The fall grade-spread w/r/t wikis

Last semester I decided to throw myself into the wiki. You’ll remember how excited I was about this tool, which would, theoretically, encourage my students to become experts on various topics of historical interest and thus decentering the authority in the classroom. The idea, as KW sums it up here, is a nice one:

“[H]er wiki assignment strikes me as an excellent way to meet the learning needs of a certain kind of ‘C’ student: the ones who are willing to make an effort but who (for whatever reason) write poorly and have trouble figuring out how to do the interpretive close reading that gets rewarded in the literature classroom. Asking all students to produce a chunk of information on schedule seems like a great way to use and reward the skills that these ‘C’ students bring to the course.”

That’s what I hoped it would do, anyway. The literary-interpretation parts of my course ended up requiring such a great amount of abstract reasoning and an ability to make and remember fine distinctions that about a third of the class was apparently at sea. I thought, by providing some easy points through the wiki assignment and the multiple-choice section of the final, I could give a leg up to students who struggle with explicating concepts like “Romanticism” and “apocalypse.”

As I graded these “easier” tasks, though, I found the grade spread to be even greater than on the more difficult assignments, with the same students getting A’s, but the students who usually got B’s or C’s were now getting D’s and F’s. If a student writes a poor poetry analysis, I can fudge the grade a little out of kindness, but for a student who misidentifies all the characters in Gulliver’s Travels, or who writes a wiki article about the wrong century and cites no sources, what can I do? On these easier assignments, it’s much more difficult to assign partial credit for effort. The very things that I expressly told them were created to give them a chance to help their grades ended up sinking them further.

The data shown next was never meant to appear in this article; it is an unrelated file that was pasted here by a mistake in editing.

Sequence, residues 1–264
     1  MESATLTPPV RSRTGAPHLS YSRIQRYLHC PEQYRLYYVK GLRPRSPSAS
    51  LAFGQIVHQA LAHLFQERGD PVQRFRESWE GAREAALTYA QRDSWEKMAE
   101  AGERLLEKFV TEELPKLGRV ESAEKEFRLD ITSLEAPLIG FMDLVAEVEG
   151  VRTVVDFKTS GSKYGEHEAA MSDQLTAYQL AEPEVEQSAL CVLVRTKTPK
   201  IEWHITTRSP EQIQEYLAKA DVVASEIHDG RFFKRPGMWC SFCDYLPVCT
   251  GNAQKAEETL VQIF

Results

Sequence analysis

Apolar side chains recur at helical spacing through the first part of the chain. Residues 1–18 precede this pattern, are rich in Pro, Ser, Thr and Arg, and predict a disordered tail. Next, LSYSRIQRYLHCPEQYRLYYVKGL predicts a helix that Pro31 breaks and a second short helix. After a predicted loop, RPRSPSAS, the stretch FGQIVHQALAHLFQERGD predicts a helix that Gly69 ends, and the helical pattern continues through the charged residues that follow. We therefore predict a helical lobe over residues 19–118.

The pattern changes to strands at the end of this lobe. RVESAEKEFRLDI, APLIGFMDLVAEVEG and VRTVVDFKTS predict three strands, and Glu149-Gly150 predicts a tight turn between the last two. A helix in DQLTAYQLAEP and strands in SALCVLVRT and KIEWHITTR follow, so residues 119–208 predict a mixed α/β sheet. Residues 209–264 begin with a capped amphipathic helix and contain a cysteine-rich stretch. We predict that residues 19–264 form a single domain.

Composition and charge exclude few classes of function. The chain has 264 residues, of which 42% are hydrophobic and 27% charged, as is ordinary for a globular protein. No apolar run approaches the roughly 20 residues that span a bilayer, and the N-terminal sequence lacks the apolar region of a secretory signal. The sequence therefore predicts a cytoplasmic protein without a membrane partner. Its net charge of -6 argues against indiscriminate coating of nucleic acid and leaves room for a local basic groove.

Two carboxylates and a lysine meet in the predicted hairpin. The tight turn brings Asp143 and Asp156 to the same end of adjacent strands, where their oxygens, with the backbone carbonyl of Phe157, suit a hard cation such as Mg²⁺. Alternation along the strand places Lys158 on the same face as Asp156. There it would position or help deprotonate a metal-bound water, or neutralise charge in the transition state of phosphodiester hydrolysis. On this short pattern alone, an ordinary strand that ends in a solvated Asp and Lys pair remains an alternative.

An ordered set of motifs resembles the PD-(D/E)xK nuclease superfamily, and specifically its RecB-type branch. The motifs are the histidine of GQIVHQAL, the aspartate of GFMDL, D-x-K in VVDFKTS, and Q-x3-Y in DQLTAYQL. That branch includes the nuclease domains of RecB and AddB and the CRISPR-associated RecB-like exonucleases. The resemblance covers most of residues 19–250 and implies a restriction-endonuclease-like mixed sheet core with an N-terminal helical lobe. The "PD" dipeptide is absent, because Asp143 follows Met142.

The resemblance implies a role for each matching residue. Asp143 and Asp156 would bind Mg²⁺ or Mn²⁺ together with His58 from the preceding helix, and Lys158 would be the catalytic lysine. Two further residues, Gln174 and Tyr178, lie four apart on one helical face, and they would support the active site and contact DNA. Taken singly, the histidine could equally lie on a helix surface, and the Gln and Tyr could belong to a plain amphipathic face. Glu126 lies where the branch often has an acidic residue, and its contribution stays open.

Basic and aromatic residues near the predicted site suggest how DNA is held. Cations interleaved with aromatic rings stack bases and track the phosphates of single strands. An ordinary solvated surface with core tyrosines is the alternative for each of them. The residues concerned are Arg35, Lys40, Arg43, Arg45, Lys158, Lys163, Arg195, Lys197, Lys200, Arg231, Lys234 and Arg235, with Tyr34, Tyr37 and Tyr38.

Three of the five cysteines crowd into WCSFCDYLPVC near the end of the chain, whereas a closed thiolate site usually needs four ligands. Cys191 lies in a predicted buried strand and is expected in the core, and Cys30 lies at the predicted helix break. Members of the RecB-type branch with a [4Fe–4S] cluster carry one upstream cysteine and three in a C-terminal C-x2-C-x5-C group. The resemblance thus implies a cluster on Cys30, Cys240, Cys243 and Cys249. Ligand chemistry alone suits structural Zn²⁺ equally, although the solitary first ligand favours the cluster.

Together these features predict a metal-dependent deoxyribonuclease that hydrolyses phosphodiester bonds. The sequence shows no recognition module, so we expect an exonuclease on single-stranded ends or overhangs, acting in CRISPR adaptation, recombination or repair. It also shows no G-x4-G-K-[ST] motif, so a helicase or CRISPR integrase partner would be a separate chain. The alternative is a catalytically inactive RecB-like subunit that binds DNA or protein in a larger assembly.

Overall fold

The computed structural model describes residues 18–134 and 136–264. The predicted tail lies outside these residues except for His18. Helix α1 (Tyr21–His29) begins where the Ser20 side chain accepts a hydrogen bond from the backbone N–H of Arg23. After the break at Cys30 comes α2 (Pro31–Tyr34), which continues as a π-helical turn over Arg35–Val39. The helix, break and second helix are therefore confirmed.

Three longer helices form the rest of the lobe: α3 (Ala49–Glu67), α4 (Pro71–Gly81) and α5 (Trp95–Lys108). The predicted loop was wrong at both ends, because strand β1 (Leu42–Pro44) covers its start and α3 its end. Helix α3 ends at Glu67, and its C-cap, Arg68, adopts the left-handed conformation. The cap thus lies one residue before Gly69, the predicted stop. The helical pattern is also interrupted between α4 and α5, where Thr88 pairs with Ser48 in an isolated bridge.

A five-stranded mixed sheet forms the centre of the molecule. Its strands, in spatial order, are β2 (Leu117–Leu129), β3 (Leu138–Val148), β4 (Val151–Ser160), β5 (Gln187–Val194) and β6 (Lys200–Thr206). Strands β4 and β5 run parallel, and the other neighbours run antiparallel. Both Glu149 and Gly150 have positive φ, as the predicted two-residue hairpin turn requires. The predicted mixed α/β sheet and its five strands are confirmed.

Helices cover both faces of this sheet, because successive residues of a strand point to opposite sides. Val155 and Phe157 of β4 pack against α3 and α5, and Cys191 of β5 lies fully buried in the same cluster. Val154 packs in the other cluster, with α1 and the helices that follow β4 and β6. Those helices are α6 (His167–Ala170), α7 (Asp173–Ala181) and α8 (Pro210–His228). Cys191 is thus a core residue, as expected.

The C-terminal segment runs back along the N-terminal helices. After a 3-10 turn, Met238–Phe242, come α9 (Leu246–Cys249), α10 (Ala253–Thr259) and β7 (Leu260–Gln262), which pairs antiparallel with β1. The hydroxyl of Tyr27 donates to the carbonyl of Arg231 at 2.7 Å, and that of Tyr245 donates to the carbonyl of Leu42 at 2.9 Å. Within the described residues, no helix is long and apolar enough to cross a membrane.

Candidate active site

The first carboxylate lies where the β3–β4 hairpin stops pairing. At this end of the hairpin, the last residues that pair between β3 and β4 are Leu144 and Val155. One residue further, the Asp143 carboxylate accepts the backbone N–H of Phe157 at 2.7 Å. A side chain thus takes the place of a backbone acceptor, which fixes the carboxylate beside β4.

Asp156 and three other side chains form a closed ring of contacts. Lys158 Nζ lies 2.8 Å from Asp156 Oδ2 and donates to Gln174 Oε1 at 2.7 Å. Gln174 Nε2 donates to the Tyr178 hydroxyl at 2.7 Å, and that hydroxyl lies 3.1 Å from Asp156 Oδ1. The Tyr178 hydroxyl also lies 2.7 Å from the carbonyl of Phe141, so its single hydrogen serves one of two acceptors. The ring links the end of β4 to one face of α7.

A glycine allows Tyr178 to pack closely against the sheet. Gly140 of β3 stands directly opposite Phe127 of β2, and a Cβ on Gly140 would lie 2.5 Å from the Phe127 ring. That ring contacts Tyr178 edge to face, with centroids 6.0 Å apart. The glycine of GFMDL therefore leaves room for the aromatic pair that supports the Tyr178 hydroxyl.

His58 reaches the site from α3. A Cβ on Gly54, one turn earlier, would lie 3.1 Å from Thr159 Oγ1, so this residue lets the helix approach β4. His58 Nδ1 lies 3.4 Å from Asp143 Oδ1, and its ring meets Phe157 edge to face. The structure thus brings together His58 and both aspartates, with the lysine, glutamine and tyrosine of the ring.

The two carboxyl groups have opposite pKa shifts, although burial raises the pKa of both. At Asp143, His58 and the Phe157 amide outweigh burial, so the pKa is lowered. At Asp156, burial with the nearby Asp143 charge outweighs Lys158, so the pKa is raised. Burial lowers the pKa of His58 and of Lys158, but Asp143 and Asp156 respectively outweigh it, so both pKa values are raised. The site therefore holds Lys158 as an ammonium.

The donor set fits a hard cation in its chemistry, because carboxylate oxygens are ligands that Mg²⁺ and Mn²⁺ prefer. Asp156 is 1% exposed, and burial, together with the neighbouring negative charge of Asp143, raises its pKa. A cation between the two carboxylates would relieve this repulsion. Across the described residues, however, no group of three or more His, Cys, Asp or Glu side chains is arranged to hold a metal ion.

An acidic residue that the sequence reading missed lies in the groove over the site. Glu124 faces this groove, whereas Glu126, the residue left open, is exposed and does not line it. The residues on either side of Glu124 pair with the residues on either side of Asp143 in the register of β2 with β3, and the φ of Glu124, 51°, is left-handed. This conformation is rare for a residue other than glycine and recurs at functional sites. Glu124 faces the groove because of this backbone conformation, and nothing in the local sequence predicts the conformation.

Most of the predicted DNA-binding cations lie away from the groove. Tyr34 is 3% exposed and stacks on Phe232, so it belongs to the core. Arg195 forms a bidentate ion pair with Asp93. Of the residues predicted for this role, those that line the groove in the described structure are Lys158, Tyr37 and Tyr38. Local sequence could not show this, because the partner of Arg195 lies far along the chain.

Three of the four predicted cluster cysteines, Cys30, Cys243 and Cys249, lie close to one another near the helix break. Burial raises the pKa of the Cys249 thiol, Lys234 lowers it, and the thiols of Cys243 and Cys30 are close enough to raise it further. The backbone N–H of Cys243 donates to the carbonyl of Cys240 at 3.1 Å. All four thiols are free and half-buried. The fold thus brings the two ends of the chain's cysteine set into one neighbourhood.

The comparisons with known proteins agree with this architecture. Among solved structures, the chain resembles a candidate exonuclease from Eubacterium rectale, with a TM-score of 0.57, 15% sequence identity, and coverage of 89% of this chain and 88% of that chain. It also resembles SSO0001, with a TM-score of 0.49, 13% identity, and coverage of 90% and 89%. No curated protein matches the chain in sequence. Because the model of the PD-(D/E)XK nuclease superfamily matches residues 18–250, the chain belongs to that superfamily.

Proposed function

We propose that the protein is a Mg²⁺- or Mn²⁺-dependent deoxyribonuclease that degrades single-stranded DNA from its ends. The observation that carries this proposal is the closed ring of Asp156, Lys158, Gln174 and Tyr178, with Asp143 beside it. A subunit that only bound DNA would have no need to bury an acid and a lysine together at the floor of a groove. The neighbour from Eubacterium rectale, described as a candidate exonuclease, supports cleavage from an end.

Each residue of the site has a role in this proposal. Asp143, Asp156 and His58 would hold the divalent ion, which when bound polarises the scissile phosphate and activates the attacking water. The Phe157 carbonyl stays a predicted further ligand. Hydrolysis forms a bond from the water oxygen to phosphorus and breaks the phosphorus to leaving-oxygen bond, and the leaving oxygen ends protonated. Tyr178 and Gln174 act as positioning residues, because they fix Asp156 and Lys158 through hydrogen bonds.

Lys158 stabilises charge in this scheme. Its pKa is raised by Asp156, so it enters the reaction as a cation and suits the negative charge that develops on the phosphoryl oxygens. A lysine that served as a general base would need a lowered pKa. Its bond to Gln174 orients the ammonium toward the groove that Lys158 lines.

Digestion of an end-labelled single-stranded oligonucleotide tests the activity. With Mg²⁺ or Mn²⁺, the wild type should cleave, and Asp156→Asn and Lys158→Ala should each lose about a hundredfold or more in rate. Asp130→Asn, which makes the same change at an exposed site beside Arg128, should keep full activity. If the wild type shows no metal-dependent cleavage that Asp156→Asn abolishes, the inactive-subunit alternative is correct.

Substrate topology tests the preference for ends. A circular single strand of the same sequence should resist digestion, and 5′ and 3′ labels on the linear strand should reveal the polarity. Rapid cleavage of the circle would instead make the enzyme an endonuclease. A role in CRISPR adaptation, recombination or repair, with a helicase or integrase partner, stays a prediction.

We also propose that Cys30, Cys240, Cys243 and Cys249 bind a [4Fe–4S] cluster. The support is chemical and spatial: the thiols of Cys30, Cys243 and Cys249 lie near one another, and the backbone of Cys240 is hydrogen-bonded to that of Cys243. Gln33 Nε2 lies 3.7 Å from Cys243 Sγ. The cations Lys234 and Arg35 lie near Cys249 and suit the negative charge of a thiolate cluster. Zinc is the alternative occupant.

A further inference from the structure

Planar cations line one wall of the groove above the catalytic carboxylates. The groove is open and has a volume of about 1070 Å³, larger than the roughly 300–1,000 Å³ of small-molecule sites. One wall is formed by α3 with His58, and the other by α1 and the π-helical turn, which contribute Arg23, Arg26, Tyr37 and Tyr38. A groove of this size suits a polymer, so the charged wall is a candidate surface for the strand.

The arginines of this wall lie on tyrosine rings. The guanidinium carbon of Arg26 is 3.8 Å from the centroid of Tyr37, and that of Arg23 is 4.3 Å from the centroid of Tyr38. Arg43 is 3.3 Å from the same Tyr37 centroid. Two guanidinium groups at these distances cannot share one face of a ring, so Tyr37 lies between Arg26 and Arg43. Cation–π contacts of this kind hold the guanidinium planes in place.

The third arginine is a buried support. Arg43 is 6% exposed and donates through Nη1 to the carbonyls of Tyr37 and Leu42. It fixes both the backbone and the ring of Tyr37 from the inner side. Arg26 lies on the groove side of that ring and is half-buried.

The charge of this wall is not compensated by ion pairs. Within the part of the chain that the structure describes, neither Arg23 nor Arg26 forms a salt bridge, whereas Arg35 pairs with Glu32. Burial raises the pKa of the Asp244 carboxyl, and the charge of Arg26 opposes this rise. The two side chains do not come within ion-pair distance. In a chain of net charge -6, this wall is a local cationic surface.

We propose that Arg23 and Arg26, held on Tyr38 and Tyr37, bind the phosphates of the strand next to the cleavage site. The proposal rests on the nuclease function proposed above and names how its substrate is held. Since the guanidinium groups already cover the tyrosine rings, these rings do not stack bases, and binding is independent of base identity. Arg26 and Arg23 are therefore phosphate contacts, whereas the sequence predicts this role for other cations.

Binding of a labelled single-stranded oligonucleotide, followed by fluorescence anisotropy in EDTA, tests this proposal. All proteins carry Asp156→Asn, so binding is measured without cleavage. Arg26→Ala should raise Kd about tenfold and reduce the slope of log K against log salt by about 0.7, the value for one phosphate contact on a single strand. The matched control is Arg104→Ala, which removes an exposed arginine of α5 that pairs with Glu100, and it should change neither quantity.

I have, up till now, failed to mention just how very smart many of my fall students were. There were a few of the typical English majors with their charming prose styles and good ideas, but minimal research efforts. They remind me of me at that age, happy to get the lowest A possible, saving my efforts for Fiction Workshop. But I was surprised at the number of students I had who worked backbreakingly hard to wring every drip of knowledge out of the class. Some of them were inspired to do outside reading (!) and to combine their interests from my class with their favorite critical theorists for their final papers. I got two Lacanian readings of Dracula, an Althusserian reading of Wuthering Heights, and a discussion of the history of psychoanalytic readings of the anal function in Gulliver’s Travels. I read several very good feminist readings of Margaret Cavendish and Aphra Behn.

That is, as much as I have worried and fretted about the B, C, and F students in my classes, I have to remember that more than a third of each class received solid and well-deserved A’s. In fact, I fear that in trying so hard to offer “basic” assignments (which apparently turned out not to be so basic) in addition to the more difficult tasks, I merely threw an annoyingly easy obstacle in front of my hardest-working students and a deceptively simple one before the students who were apparently not going to put forth the effort to complete it anyway, and I wasted a lot of grading time in the process.